an award to a recipient other than a unit of State or local government,
DOT Order 4000.8A requires the justification to be approved in accordance
with the levels set forth in Section 1206.304 of the Transportation
Acquisition Regulations (TAR). The TAR approval levels are as follows:
(a) Proposed awards between $25,000 and $100,000 shall be approved
by the contracting officer;
(b) Proposed awards over $100,000 but not exceeding $1 million
shall be approved by the FHWA Competition Advocate (Associate Administrator for Administration);
(c) Proposed awards over $1 million but not exceeding $10 million
shall be approved by the FHWA Competition Advocate (Associate Administrator
for Administration) and the FHWA Administrator or Deputy Administrator; and
(d) Proposed awards over $10 million must be approved by the FHWA
Competition Advocate (Associate Administrator for Administration);
the Federal Highway Administrator or Deputy Administrator; and the
Senior Procurement Executive (Director of the Office of Acquisition
and Grant Management, Office of the Secretary) or the Assistant
Secretary for Administration.
(2) The approvals shall be obtained in hierarchical order. For example,
the justification for a $12 million award to a non-profit entity shall
be approved in the following order: contracting officer, FHWA Competition
Advocate, Deputy Federal Highway Administrator or Administrator, and
Senior Procurement Executive (the Director, Office of Acquisition
and Grant Management) or the Assistant Secretary for Administration.
- PROCESSING ASSISTANCE AGREEMENTS. To initiate a grant or cooperative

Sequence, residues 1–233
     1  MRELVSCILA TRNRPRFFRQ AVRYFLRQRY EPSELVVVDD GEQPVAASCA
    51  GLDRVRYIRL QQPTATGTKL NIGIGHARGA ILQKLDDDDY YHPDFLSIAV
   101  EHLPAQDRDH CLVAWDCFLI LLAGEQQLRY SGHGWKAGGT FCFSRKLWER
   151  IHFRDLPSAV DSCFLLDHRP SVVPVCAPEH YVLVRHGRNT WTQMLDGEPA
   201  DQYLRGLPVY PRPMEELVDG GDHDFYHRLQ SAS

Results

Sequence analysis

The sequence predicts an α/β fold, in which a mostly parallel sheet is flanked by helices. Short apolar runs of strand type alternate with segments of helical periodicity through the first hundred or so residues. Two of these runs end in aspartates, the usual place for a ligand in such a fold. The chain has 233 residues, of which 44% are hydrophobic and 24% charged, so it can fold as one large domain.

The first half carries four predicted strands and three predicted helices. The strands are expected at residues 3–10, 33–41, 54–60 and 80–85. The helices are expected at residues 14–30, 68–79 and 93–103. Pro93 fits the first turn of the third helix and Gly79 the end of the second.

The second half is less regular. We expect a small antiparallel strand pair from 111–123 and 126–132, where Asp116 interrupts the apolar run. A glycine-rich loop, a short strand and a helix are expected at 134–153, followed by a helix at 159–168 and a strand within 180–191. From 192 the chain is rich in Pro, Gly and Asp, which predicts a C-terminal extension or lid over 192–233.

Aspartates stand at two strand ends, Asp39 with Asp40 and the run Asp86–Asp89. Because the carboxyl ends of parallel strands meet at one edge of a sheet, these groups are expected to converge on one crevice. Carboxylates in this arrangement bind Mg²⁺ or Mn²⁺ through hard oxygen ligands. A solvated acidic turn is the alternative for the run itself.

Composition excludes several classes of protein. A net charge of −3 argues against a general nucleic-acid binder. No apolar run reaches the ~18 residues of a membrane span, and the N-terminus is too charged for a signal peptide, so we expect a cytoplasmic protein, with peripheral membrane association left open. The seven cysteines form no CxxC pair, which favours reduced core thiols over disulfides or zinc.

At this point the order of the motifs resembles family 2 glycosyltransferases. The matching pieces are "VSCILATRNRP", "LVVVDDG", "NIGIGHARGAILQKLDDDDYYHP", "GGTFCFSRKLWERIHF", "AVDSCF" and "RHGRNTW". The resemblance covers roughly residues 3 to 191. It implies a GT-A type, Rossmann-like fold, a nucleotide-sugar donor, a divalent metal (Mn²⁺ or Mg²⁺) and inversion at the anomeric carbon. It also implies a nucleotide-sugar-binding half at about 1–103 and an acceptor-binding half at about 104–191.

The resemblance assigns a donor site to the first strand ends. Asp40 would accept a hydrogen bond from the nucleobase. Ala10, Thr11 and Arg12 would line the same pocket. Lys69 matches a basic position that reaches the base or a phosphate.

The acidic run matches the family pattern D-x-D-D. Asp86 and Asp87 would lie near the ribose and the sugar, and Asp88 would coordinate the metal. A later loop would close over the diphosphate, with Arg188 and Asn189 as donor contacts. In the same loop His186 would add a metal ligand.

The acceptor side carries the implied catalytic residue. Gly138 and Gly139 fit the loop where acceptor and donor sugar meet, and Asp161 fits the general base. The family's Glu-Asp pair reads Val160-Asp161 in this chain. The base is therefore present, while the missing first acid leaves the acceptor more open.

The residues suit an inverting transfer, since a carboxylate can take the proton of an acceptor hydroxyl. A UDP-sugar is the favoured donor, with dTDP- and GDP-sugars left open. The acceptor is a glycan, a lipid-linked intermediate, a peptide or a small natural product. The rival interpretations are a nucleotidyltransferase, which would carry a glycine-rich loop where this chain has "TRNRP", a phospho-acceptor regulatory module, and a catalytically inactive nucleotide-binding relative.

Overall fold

agreement, the program office must submit Form FHWA 1513, Acquisition Plan,
to OCP. On that form, cite the legislative authority for the assistance award
and indicate that a grant or cooperative agreement (rather than a procurement
contract) is requested. At the same time, or as soon thereafter as practicable,
submit a Form DOT 4200.1, Procurement Request Form. This form signifies that
there is a need and, if appropriate, certifies that funds are available. The
Procurement Request Form must be completed by the program office and submitted
to OCP along with the following information/documents.
- Documentation of factors supporting the use of an assistance agreement;
- Justification for a sole source award, if applicable;
- Statement of purpose (background and objectives) and general project requirements;
- Applicant eligibility, including any cost-sharing considerations, and
application requirements, including format and content;
- Evaluation factors, if the award is to be competitive;
- Award selection factors, as well as any applicable funding priorities
which would affect selection, if competitive;
- Estimated funding level on a per project basis and the approximate number
of awards which will be made;
- Reporting requirements; and
- Any special provisions that may be applicable, such as Government-furnished
property, patents, rights in technical data and computer software, and
publication costs and rights.
- UNSOLICITED APPLICATIONS FOR ASSISTANCE AWARDS. Although it is FHWA
policy to solicit applications for assistance awards where possible, FHWA
also values obtaining innovative ideas, methods and approaches offered through
unsolicited applications. Unsolicited assistance applications shall be forwarded to OCP for handling.
- INVITATIONS FOR APPLICATIONS. The OCP will prepare the invitation,
usually after the proper award instrument has been determined and the assistance
requirement has been administratively approved.
- Content of Invitation. Invitations, whether published or not,
shall include the following information:
(1) Statement of purpose (background and objectives) as well as general project requirements.